• Continue to check for ticks 2-3 days after outdoor activities in areas known for ticks.
  • Be sure to protect your pet(s) with regular anti-tick treatments.

If a tick is discovered, immediate removal is advised.

Because NE Ohio is not currently considered an area of high endemicity for Lyme disease, the standard of care is to not start antibiotics unless certain criteria are met:

  • Tick is engorged
  • Tick has been in place >36 hrs
  • Patient has classic EM rash at tick site.

Blood tests to confirm diagnosis are not necessary if the history and  presentation are classic. EM with known exposure warrants a course of empiric antibiotic treatment.

Atypical symptoms should prompt a laboratory work-up that includes quantitative screening for serum antibodies to Lyme disease. If these are negative, no further testing is needed. Positive tests will need follow-up with Lyme immunoblot or Western blot for presence of IgM and IgG antibodies. Only with a strong response to both antibody types, can a definitive diagnosis be made.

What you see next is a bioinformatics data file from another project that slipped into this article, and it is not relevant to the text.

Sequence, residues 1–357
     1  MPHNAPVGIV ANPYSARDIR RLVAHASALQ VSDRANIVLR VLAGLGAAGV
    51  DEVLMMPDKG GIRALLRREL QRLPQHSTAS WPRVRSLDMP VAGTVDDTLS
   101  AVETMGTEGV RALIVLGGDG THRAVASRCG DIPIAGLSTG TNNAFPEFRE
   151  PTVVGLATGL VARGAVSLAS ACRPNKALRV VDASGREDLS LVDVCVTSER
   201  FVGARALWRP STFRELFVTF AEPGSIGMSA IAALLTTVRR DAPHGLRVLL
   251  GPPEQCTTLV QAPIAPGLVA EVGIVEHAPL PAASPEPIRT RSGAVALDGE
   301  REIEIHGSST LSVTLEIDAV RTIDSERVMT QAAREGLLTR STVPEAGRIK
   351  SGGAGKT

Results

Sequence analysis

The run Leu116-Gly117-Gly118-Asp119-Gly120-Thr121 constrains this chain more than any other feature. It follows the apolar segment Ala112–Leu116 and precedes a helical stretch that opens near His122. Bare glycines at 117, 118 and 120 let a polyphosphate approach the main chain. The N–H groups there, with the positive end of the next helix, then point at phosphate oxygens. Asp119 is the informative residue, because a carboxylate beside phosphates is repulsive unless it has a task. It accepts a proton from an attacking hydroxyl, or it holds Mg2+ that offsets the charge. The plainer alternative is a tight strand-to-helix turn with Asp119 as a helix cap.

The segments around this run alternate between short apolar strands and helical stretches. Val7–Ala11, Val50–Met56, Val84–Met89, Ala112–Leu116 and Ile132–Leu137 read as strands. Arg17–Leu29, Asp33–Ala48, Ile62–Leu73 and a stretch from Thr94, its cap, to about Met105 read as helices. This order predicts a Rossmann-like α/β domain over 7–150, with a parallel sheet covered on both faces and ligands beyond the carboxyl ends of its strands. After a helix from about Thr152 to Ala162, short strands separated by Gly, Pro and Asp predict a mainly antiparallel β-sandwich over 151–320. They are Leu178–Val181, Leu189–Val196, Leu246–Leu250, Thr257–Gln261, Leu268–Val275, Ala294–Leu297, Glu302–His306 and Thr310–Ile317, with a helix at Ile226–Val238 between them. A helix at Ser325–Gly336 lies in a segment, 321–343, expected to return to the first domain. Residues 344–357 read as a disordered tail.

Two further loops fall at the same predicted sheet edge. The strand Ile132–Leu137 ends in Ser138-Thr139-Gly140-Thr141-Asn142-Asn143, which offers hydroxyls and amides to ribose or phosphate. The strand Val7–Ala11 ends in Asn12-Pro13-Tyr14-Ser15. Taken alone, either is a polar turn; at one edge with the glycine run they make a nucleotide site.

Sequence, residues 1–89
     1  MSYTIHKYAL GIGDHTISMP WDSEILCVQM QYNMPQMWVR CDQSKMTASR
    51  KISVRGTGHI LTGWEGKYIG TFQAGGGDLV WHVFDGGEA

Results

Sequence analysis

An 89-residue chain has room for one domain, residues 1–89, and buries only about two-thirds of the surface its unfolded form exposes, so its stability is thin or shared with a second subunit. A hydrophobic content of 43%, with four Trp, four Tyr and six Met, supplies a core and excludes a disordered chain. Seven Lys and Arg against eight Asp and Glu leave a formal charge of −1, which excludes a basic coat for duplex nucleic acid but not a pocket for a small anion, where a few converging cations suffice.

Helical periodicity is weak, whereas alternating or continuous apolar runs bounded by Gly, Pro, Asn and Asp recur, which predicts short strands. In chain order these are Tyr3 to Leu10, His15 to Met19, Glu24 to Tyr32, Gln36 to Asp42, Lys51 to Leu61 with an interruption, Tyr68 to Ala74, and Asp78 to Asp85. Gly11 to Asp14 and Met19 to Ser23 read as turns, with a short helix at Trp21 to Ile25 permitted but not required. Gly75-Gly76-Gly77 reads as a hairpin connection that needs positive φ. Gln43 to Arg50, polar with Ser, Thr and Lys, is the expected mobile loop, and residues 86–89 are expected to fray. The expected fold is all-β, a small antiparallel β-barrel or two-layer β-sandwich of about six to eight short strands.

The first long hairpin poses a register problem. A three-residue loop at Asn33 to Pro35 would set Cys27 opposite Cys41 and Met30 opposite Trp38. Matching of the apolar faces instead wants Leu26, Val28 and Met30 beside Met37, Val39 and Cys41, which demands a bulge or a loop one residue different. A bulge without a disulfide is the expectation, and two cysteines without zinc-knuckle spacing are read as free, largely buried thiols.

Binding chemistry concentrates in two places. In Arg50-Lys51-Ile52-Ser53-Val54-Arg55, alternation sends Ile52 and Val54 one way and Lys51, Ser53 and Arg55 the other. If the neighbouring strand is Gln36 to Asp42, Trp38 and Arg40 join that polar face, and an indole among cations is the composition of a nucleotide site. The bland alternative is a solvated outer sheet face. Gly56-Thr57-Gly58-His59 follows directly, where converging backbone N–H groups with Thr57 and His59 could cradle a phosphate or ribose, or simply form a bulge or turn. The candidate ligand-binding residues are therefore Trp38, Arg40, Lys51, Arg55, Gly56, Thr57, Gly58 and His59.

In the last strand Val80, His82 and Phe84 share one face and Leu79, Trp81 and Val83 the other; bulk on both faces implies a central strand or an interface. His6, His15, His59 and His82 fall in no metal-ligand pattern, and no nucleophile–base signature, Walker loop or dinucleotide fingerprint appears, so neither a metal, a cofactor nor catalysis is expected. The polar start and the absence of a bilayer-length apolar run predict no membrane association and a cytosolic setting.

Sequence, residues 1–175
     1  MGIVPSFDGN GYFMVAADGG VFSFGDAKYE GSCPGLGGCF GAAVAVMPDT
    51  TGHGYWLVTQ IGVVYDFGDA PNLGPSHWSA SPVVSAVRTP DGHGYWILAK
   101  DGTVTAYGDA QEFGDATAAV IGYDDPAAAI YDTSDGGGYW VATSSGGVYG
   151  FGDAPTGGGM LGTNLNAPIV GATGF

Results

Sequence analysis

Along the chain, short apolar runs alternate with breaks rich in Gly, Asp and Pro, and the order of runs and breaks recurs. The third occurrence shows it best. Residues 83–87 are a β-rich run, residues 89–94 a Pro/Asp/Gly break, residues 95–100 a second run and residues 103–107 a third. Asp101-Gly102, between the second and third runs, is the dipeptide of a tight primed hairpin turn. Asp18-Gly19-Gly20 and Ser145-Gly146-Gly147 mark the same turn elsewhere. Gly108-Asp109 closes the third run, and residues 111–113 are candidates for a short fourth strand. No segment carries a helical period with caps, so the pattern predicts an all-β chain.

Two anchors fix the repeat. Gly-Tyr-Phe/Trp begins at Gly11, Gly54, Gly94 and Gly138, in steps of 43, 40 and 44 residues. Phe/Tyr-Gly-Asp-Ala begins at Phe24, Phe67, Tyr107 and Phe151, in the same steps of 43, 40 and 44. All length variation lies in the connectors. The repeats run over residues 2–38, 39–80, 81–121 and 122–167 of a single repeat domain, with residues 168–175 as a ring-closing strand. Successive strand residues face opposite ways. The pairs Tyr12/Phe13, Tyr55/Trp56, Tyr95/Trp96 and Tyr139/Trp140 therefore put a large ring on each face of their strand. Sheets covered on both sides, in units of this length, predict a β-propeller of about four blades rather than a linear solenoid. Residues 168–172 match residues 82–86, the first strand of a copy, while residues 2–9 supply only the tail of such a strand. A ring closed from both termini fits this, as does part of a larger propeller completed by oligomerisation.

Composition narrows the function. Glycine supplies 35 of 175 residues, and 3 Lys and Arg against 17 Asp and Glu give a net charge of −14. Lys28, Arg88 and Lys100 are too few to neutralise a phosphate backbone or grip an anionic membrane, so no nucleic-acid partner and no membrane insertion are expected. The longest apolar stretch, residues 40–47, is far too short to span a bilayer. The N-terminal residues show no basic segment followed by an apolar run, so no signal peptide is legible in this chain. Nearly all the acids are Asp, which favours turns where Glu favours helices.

If antibiotics are warranted, first-line agents include oral Doxycycline twice daily for 10 days or Amoxicillin three times a day for two weeks. Most clinicians will administer a single prophylactic dose of Doxycylcine if an engorged tick has been discovered.


 

For more info on Lyme disease symptoms, treatment, and prevention:

Center for Disease Control – Lyme Disease

More info on Dr. Carly Wilbur, psi Medical Director

psi’s School Health Clinic Services Program

 

Fun Summer Tips That Will Keep Your Child Learning!

Summer is almost here… and that means your students and children will be ready for fun and excitement! Try these great tips for keeping kids focused and avoid the dreaded.. Summer Brain Drain!

1. Get involved